While the names don’t immediately conjure images of specific colors, they are intended to invoke feelings. It’s all part of a process used by paint companies to appeal to not only the eyes, but also the heart. It’s as much about an emotional connection as it is about visual contentment.
“Color names tell a micro-story about a color. We choose names based on the imagery and mood each color evokes, with the goal of making the color selection process easier and more personal for our customers,” says Erika Woelfel, vice president of color and creative services at Behr.
Associating language with a particular color helps to trigger an intended emotional response when viewing that color. It’s a strategic approach that paint companies use to win over consumers in a multi-billion-dollar industry.
Dunn-Edwards Corp. recently named Skipping Stones, a serene and steely blue with hints of green and gray, as its 2024 Color of the Year. The regenerative shade is said to emulate the meditative, yet energizing, feeling of the sea and capture a collective yearning to slow down and achieve balance and tranquility in the year to come.
“Skipping Stones feels like a daydream and can add a sense of mystery and thoughtfulness to any space,” says DeMing Carpenter, color expert at Dunn-Edwards. “It’s part of the resurgence of blue and represents a shift away from the bold, warm-toned colors we’ve seen gain popularity over the past few years. This blue is timeless and versatile, fresh, and serene.”
But what does that mean, exactly? While paint names are sourced from everywhere, even from things that don’t automatically suggest a color association, the strategy behind them hinges largely on the theory of color psychology. Paint companies invest heavily in process-driven research to come up with their color names to contrive a connection.
Language offers context around abstract communication and helps to bridge the psychological response with the color. It’s a well-known fact that color plays a role in how you feel. Red incites action, blues and greens promote calm; yellows invite happiness.
This is evidenced in how color is used in marketing campaigns and brand identity. Color and psychological response are becoming more mainstream to treat both mental and physical illnesses in the growing field of chromotherapy, where patients are exposed to lights through different color lenses as part of treatment protocol.
Scientists measure the physiological effect of a color which feeds into a psychological response. The trick is that some colors have a duplicitous impact, framed largely by an individual’s experience with and association around a color.
For example, exposure to red is known to raise blood pressure. Psychologically, this may cause anxiety in one person, or it may energize another.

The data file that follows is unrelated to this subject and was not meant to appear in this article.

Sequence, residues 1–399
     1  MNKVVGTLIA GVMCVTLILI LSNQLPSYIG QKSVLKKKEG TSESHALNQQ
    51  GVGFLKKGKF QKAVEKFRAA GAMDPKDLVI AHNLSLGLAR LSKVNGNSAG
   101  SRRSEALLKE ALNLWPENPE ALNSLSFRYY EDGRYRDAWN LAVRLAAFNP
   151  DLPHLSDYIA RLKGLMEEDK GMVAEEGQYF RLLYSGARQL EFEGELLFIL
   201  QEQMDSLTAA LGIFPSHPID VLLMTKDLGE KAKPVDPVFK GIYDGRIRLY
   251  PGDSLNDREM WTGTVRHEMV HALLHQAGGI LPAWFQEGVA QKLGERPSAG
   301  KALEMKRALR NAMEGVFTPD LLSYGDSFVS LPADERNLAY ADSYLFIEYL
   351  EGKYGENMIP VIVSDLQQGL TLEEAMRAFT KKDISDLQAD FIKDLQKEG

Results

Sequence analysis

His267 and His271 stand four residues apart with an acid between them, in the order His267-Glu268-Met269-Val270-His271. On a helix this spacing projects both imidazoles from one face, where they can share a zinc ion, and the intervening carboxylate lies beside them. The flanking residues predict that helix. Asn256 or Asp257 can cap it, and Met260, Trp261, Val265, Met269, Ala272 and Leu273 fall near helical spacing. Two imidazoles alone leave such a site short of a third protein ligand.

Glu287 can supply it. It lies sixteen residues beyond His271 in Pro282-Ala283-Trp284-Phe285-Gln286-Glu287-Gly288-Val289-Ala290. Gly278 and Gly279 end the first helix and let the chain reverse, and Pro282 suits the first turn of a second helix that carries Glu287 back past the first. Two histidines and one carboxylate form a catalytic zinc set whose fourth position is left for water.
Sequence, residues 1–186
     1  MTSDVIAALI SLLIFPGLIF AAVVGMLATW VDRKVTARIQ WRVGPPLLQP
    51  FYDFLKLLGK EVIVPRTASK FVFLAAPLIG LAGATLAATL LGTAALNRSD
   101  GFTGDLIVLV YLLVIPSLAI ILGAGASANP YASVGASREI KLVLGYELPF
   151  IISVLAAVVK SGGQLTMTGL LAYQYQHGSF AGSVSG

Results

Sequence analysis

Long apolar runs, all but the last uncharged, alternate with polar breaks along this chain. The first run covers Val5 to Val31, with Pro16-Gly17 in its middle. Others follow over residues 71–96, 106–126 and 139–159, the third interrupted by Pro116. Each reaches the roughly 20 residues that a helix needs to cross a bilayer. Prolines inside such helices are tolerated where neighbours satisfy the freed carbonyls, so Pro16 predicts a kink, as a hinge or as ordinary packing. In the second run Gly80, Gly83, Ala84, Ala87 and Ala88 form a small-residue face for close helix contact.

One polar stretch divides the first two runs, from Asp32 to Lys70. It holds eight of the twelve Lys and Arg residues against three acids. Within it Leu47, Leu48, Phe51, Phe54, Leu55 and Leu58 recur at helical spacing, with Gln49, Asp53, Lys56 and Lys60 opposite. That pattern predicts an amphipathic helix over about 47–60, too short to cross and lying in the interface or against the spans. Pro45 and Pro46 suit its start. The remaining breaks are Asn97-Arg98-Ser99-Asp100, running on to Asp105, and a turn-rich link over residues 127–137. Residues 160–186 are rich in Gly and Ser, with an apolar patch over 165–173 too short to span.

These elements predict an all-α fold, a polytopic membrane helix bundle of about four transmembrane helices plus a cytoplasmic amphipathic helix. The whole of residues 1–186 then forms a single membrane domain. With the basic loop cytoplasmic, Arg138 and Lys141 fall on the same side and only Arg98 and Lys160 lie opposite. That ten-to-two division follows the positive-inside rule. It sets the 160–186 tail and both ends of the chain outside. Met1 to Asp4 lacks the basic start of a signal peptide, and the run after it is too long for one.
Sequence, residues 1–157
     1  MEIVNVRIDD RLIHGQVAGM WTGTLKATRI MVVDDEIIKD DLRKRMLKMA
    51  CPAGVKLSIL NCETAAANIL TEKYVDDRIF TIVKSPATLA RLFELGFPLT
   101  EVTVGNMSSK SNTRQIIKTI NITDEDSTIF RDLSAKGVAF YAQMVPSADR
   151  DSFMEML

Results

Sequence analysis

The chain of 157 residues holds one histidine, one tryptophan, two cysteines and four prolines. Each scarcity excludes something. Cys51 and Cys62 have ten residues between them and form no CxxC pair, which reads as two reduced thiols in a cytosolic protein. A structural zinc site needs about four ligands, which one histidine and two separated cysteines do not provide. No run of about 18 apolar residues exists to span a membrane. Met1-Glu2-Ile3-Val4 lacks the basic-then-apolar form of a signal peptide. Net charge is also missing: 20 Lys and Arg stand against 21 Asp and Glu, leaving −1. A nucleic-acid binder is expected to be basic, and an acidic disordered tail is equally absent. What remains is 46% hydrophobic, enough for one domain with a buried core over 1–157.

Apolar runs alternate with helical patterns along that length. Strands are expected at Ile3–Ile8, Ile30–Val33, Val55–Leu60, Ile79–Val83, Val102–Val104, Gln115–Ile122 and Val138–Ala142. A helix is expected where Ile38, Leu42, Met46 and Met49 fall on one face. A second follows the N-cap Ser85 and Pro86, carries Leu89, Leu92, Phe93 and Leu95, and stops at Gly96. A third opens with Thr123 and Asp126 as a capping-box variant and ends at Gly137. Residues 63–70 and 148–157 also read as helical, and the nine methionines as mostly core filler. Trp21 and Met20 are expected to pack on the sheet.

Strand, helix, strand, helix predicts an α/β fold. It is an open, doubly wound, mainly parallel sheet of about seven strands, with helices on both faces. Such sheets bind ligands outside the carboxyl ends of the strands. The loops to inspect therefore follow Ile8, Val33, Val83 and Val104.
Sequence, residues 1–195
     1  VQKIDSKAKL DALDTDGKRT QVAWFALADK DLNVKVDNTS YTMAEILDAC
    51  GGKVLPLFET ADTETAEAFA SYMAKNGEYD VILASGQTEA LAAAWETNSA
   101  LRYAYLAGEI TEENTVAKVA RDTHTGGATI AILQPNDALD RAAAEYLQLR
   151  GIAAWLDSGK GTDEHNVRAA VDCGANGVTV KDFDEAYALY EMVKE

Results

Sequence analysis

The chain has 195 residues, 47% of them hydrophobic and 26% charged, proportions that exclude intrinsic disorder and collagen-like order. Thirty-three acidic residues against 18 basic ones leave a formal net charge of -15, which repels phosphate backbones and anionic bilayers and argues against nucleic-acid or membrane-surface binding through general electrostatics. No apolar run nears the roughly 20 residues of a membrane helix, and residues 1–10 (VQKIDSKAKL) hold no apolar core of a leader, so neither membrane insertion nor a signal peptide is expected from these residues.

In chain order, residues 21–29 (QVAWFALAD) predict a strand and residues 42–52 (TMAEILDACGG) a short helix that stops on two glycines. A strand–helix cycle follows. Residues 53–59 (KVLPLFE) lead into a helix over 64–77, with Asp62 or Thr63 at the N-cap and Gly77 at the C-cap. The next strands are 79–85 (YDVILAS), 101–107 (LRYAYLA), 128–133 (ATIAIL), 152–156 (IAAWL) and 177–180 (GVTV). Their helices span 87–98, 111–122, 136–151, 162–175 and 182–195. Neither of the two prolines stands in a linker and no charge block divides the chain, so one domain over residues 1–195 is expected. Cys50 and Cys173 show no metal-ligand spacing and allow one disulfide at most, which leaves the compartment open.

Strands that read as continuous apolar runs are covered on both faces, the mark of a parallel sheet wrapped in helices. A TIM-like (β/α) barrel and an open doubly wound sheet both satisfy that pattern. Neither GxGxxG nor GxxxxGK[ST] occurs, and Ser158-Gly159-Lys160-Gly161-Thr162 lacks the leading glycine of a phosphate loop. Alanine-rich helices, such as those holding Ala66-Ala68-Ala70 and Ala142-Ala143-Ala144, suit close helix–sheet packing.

Exposure to yellow releases serotonin, which can make a person more alert and aware, helpful when learning concepts or making decisions. Conversely, too much exposure to yellow for some can be irritating and spark confrontation, because it is more likely to cause visual fatigue.
That’s why paint names are meant to be broad, yet evocative.
The goal is to “keep paint names as universal as possible, so they appeal to a wide audience. We put a lot of research into our paint color names, knowing they often sway consumers toward one shade or another,” says Woelfel.
What’s the process for naming colors?
There is a rigorous process before a potential name is selected for a paint color and involves multiple stakeholders. Additionally, many paint companies actively involve consumers in the brainstorming phase.
“The naming process is quite involved. From a creative standpoint, it depends on the project but is led by our color marketing & development team as a collaborative effort that involves several groups within the company,” says Hannah Yeo, color marketing & development manager at Benjamin Moore.
“To start the process, questions are asked about the kind of mood the color evokes, what it is reminiscent of and more,” Yeo says.
“From there, all potential names go through a vetting process to eliminate duplicative names from the existing library of 3,500+ colors, satisfy legal requirements, differentiate from other colors and more.”
Inspiration for paint color names
What inspires paint color names? Paint companies start by looking at immediate influences, such as travel (Beachside Drive), food (Black Pepper), animals (Elephant’s Breath), nature (Bay Waves), pop culture (Marilyn’s Dress) and more.
Geography is a significant factor as well and sometimes the most compelling inspiration is located right at the front door.
For Glidden, Allegheny River and Pittsburgh Gray “are two cool gray colors that give a nod to our Pittsburgh heritage and headquarters. They also give a cheeky nod to our consistent overcast weather here,” says Ashley McCollum, Glidden paint by PPG color expert.
That’s an effective approach as well, because it causes you to pause and consider what color it is, and how the name is applicable.
“Color names are intentional,” says McCollum. “We strive to have color names that evoke emotion and create a memorable experience. We want people to remember the colors on their walls.”
And that memory is more compelling when there is a backstory, which often comes in consultation with consumers, paint company employees and even children. At Benjamin Moore, “employees contribute to the process inspired by their own unique perspectives and experiences,” says Yeo.
“Pony Tail has been one of our top-selling neutral colors for years, and it is named after an employee’s daughter’s blonde ponytail,” says McCollum.